Homeless in Toronto: Part Deux
Topic: Human Interest
May 1, 2018
Image used with permission: iStock/jsmith
Homeless in Toronto: Part Deux
About this time last year, I wrote an article about the sale of our family home of 26 years and our decision to step away from the madness of the Toronto housing market and rent for a while (Crisis, What Crisis? Homeless in Toronto).
How smart I felt as the calendar rolled forward. In the opinion of many, we had monetized our home at the high. And although we weren’t moving explicitly because we thought we could trade the housing market, I was perfectly prepared to accept the congratulations from hither and yon who deemed us to be either lucky or far-sighted. Making the situation even better, Anne and I quickly rented a wonderful, updated home in the centre of the city where we could bide our time and wait for the housing market to crumble.
We sold in May and moved in August, entrusting the capital we withdrew to the best investment manager I know. They’re independent, service-oriented, smart and great value. We’ve been uncertain how much smaller a home we were looking for, and also a bit unclear in what neighbourhood we’d like to settle. But with time we knew the answer would present itself. Let me tell you, Saturday morning coffee tastes great as you collect your dividends and scan the papers, not looking at the slim listings, but instead reading the many stories of woe about declining home sales activity and weaker pricing. It was hard not to feel a bit self-satisfied at the decision we’d made.
Unfortunately, there was only one problem. In a most genteel, but direct, email our landlord notified us they were coming back from living abroad and wanted their house back. We need to be out in August. There’s an adage in the investment business that says, “You have to sell when you can, not when you want to.” I guess that’s the case in the real estate market as well!
So now we scan the papers looking at the slim listings wondering, do we buy or rent again? While it looks like prices are a little lower than when we sold, there’s nothing yet we’ve seen that we’d be excited about buying. And more worryingly, we’re not the only couple at this stage of life looking at rentals. Time isn’t really on our side. While I thought this spring would have weekends at the golf course, I expect now that we’ll be on the “Open House” circuit. Life can be so cruel.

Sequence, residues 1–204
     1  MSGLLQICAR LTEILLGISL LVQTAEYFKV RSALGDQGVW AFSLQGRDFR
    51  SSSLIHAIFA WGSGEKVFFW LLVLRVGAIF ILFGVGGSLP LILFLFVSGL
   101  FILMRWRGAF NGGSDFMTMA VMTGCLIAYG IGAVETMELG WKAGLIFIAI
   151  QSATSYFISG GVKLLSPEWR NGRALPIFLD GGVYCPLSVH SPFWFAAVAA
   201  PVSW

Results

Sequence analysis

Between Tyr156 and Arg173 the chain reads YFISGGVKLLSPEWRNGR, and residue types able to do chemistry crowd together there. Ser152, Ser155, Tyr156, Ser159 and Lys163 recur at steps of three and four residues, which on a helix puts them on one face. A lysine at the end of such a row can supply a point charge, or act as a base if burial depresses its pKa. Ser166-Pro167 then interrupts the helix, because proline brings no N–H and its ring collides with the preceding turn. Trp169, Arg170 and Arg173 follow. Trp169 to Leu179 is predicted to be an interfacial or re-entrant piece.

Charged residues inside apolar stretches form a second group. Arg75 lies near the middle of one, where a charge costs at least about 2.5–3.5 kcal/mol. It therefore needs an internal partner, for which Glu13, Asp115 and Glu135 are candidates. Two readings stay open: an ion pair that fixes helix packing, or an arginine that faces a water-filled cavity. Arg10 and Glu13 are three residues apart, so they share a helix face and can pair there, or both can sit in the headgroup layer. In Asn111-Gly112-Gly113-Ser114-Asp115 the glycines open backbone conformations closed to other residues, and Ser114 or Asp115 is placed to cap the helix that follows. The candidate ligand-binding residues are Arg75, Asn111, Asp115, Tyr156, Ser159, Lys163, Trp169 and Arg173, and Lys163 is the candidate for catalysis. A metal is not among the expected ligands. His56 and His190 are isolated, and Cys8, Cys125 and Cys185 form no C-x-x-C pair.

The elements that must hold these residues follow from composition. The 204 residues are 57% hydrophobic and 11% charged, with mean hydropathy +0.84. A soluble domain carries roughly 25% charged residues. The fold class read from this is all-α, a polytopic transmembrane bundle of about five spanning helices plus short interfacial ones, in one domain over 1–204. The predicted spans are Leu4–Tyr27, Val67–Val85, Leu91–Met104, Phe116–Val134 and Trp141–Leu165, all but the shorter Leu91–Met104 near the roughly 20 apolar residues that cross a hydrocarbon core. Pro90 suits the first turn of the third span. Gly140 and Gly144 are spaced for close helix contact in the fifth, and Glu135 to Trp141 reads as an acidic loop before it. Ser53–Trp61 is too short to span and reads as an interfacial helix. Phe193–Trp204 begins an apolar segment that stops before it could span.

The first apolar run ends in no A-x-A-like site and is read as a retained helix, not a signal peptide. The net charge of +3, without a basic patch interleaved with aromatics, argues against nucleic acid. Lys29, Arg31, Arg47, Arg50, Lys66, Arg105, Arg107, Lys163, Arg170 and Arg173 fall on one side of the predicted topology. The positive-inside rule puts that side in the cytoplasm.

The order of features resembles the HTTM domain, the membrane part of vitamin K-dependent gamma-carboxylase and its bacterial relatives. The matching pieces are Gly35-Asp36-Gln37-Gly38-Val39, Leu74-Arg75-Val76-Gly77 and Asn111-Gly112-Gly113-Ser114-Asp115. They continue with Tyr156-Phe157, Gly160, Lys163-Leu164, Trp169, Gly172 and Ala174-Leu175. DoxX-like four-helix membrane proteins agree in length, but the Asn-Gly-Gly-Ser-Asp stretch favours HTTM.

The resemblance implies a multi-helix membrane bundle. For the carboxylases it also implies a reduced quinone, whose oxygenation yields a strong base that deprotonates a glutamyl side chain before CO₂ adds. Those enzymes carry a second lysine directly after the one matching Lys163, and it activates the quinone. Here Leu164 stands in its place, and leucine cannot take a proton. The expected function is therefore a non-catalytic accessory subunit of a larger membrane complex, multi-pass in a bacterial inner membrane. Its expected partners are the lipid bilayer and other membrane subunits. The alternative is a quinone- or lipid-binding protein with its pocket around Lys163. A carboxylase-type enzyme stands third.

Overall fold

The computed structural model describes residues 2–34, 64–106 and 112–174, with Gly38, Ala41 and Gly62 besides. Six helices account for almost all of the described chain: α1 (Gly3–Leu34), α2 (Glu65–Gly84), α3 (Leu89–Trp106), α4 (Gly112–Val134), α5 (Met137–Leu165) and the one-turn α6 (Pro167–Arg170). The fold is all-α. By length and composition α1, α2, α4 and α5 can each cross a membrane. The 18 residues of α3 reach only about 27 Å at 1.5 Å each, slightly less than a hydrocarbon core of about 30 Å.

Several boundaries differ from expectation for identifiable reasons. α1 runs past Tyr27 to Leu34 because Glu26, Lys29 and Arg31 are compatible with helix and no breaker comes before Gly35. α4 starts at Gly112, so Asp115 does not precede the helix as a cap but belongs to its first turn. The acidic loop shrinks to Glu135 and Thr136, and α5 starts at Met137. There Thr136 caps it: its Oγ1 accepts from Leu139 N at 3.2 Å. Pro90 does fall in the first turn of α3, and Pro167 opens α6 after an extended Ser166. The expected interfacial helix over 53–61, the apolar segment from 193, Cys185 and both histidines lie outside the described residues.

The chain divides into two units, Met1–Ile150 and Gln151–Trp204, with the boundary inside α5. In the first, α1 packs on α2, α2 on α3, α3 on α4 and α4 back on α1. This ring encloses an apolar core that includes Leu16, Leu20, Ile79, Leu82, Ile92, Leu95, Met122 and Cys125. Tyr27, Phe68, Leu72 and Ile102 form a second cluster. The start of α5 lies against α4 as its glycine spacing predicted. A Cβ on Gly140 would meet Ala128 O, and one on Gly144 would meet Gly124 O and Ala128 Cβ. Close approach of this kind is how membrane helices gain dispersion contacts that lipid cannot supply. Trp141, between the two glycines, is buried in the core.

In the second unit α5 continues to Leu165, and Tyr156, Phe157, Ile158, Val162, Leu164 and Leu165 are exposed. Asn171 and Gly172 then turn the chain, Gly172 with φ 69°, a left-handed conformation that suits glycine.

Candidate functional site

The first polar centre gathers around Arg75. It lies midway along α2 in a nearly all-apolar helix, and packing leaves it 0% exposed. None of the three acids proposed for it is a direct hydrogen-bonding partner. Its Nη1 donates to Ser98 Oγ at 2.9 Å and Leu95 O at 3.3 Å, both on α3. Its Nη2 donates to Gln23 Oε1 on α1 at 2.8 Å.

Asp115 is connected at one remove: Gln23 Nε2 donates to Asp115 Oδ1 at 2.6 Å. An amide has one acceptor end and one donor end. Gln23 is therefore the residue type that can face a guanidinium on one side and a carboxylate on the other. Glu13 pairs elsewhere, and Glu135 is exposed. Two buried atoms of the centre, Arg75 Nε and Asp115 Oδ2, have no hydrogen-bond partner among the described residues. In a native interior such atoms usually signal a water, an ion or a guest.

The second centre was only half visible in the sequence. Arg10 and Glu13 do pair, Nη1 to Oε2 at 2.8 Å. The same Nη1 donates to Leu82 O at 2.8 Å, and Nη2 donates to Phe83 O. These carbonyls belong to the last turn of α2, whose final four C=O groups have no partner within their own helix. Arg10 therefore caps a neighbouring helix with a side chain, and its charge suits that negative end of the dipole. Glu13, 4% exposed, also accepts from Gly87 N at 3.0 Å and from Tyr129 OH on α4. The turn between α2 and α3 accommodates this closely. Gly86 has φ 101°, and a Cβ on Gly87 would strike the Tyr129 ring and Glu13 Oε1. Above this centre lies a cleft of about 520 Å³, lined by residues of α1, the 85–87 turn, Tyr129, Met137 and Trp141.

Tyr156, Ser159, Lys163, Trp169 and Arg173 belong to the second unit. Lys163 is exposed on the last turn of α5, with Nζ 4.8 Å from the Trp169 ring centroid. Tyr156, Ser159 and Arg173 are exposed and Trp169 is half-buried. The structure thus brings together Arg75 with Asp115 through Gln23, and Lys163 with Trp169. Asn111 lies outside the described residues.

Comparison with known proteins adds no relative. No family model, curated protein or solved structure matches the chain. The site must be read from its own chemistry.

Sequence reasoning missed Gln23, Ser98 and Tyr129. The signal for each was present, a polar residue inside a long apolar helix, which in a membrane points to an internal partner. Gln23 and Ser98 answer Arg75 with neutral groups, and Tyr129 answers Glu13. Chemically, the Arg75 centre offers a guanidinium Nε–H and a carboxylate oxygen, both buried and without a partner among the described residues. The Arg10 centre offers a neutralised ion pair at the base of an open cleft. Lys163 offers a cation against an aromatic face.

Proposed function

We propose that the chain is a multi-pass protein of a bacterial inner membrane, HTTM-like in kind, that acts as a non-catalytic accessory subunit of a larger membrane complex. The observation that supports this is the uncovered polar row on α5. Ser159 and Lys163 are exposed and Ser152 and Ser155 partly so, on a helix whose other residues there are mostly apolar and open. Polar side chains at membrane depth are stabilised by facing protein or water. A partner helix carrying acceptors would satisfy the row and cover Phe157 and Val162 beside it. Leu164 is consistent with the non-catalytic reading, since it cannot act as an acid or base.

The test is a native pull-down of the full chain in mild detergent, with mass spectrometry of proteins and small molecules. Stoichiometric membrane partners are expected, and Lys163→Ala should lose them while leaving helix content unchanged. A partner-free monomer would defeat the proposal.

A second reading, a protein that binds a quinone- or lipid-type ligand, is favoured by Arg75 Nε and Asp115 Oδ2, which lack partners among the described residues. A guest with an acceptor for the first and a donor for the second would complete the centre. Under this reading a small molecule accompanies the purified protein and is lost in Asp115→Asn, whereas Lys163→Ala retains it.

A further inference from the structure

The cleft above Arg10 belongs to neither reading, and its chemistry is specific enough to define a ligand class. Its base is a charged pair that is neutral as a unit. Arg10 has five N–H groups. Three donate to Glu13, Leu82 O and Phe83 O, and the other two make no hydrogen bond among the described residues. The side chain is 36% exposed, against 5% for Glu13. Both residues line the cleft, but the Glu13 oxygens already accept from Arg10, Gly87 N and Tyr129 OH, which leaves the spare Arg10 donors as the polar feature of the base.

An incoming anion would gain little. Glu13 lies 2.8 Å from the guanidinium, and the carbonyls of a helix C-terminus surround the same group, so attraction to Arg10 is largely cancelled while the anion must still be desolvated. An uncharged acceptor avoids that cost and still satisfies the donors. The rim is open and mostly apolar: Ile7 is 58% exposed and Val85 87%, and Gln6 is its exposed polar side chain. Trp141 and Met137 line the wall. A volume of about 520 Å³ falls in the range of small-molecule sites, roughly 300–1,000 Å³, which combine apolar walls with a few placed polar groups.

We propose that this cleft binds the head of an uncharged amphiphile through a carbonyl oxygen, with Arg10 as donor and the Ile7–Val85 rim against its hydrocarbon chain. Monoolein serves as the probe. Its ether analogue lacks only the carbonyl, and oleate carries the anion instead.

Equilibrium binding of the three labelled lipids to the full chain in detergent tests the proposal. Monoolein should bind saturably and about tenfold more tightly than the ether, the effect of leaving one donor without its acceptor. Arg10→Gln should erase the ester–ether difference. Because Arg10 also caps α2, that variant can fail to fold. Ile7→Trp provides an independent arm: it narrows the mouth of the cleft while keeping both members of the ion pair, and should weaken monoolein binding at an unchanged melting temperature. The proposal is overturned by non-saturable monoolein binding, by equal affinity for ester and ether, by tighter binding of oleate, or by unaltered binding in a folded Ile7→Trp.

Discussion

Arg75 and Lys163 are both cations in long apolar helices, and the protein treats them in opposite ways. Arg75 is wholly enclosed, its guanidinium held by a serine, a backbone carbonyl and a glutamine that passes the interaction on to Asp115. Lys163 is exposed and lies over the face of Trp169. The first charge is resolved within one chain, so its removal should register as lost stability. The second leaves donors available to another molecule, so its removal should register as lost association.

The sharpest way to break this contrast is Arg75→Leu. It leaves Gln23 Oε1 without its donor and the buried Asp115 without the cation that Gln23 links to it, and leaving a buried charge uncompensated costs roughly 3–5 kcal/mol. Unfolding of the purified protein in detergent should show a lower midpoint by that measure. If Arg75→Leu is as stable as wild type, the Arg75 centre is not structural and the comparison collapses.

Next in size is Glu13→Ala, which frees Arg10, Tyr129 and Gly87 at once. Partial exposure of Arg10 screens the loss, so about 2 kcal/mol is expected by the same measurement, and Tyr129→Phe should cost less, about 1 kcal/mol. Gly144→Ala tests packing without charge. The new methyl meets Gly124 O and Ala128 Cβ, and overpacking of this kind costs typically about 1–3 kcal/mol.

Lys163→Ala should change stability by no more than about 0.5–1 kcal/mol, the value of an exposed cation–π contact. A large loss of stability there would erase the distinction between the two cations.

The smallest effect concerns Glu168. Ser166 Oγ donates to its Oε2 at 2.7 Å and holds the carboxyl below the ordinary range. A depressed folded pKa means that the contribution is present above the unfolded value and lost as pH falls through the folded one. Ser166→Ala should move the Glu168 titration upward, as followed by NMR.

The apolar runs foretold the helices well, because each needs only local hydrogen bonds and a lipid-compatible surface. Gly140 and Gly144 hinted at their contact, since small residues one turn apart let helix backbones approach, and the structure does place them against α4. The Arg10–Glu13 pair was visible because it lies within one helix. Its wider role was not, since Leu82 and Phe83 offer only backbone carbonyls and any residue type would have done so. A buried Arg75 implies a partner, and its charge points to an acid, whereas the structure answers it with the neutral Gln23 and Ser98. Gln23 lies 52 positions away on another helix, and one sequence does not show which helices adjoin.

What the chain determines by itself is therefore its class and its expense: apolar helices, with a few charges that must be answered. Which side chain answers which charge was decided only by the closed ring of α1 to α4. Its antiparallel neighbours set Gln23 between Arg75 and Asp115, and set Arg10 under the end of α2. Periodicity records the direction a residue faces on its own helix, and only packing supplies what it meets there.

In actual fact we’ll be fine. We have a good realtor working for us. My wife Anne is resourceful. And if worse comes to worst, we’ll be renting a nice place that we’re paying too much for. We’ll run up what politely gets called ‘friction costs’ and then amortize them over our future tenure at the home we eventually settle into.
Ironically, my tale of woe is remarkably similar to the discussions we have with clients. Sometimes there are disruptive surprises that upset a carefully crafted plan. Too often individuals underestimate their need for liquidity and have to sell at an inauspicious time in the market. Likewise, people expect that they can work for some fixed period of their choosing and sometimes sickness or job loss rears its head at a most inconvenient time. Its an easy mistake to make, as I’m discovering!
As you map out your own strategy for future financial independence. It’s best to have a plan, and its best to incorporate some allowance for unforeseen disruption. Use realistic return expectations and don’t fall into the trap of thinking you’ll be able to work forever. Returns and your ability to work are outside your control. While I may have lost any qualification to offer real estate advice, I can introduce you to my favourite investment manager that incorporates great planning into their service offering. GJG